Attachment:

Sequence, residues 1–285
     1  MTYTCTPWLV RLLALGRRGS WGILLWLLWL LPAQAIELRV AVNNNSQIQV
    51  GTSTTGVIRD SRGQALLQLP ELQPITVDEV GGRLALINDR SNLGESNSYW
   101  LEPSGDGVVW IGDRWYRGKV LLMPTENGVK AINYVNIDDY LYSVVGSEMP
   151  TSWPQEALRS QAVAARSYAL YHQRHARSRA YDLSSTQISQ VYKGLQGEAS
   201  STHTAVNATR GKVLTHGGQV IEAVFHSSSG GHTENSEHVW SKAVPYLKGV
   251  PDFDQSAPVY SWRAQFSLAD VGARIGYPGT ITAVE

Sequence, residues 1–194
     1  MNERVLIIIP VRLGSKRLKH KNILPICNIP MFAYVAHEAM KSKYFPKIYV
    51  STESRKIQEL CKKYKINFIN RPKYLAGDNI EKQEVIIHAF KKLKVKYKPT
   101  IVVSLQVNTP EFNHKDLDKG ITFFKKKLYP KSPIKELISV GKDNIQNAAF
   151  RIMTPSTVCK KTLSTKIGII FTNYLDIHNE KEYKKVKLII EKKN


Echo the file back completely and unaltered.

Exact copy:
Sequence, residues 1–285
     1  MTYTCTPWLV RLLALGRRGS WGILLWLLWL LPAQAIELRV AVNNNSQIQV
    51  GTSTTGVIRD SRGQALLQLP ELQPITVDEV GGRLALINDR SNLGESNSYW
   101  LEPSGDGVVW IGDRWYRGKV LLMPTENGVK AINYVNIDDY LYSVVGSEMP
   151  TSWPQEALRS QAVAARSYAL YHQRHARSRA YDLSSTQISQ VYKGLQGEAS
   201  STHTAVNATR GKVLTHGGQV IEAVFHSSSG GHTENSEHVW SKAVPYLKGV
   251  PDFDQSAPVY SWRAQFSLAD VGARIGYPGT ITAVE

Sequence, residues 1–194
     1  MNERVLIIIP VRLGSKRLKH KNILPICNIP MFAYVAHEAM KSKYFPKIYV
    51  STESRKIQEL CKKYKINFIN RPKYLAGDNI EKQEVIIHAF KKLKVKYKPT
   101  IVVSLQVNTP EFNHKDLDKG ITFFKKKLYP KSPIKELISV GKDNIQNAAF
   151  RIMTPSTVCK KTLSTKIGII FTNYLDIHNE KEYKKVKLII EKKN